Moving swiftly on and to more savoury recreational matters. At the weekends we were invited by an English expat to spend the day on his catamaran, something we ended up doing on a regular basis. The beaches on the island had a rather dark brownish sand due to the volcanic rock, but he knew a beach that was pristine with untouched white sand that could only be reached via the sea. After an exhilarating sail round the island with sightings of flying fish and dolphins we would dock up and enjoy the snorkelling (As a near none swimmer I found that with a mask on, I could submerge my face in the water, and miraculously, my body would float, although sadly I also discovered that if I laughed, I would sink) Before leaving the studio for the catamaran, our singer had commissioned X to make a cake, the kind of cake that would leave a long lasting impression on everyone who sampled it. As the snorkelling came to an end and the skipper prepared to sail us home, we noticed that our technician was nowhere to be seen. It turned out that fully stocked up on cake he had headed off into the sunset. Delirious and happily hallucinating, we would have to wait two hours for his return, by this time sobered somewhat by the third degree burns to his back. By way of compensation though, the mermaids and sea monsters he had witnessed would provide endless stories for his grand children. Tired out by the fresh sea air we would very often sit and watch a DVD from the studios varied collection. This particular evening we had chosen ‘Spinal Tap’. As we sat down (not for the first time) to enjoy this very funny film, the studio manager, an English lady who had worked at ‘Air Montserrat’ since it opened in 1979 remarked on how popular this ‘rockumentary’ was with the very type of band it mocked. Under her watch at the studio she must have witnessed some of the biggest names in the business, from Stevie Wonder to Michael Jackson, Lou Reed to the Rolling Stones, they had all been here, but it was Black Sabbath that sprung from her memory, as Rob Reiner began his introduction to this spoof.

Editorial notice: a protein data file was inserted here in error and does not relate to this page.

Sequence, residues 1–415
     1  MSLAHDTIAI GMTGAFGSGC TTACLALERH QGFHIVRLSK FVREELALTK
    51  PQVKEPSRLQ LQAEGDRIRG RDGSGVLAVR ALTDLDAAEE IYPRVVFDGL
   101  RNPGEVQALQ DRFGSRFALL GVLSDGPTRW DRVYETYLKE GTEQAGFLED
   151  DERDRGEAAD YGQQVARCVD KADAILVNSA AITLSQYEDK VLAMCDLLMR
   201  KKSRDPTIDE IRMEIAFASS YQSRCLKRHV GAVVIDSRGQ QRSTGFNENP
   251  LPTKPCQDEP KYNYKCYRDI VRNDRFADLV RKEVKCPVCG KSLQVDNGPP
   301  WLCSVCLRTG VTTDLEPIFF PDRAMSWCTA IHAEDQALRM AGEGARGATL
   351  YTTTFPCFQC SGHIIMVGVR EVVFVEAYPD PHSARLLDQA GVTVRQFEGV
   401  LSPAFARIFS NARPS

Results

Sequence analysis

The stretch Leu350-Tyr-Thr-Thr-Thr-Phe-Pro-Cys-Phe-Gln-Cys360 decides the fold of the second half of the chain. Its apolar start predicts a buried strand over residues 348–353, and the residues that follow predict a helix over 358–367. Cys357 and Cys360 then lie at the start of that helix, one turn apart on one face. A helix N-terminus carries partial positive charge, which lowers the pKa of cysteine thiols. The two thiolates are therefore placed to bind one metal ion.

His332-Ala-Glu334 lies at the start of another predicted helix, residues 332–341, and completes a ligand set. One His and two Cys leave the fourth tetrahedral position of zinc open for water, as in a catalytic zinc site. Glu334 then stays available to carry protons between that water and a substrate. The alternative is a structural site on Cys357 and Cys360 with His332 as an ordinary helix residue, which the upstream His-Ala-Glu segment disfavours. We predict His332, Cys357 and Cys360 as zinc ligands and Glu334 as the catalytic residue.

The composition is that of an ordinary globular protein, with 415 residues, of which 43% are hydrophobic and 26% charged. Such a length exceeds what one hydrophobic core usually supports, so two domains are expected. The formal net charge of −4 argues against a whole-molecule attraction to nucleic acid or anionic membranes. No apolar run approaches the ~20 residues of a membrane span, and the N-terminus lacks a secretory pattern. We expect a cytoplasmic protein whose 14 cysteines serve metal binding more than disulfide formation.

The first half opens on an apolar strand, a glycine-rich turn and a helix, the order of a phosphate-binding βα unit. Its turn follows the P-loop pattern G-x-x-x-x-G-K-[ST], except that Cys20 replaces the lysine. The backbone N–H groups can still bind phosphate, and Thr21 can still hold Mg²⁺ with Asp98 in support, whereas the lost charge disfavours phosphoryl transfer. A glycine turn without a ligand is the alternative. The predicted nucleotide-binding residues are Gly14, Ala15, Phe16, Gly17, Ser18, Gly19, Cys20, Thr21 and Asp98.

The boys from Sabbath, she recalled, had sat in silence for the duration of the film and as the credits rolled, with misty eyes, they began to discuss what they had seen.
“that was sad”

(long silence)

“yeah” (long silence)

“yeah, that was sad ... but they had some great songs”

Having been to the top of the Soufriere Hills volcano and peered down into its molten yolk, I couldn’t have been more unaware of what would soon happen. Shocking were the images of the islands capitol, Plymouth, reduced to an oversized ashtray, this small slice of paradise is now forever tainted. I often think of the homegrown (now late) Montserratian ‘soca’ star, ‘Arrow’, who was responsible for the worldwide hit ‘Hot Hot Hot’. He was reputed to have an arrow shaped swimming pool and known for his no nonsense, direct approach to life. On one night out we would meet him and indulge in some mutual backslapping. The conversation, however, ended with his trademark honesty as he uttered the words,
“yeah I like ya music”

 (long pause and whilst walking away)

 “to a point”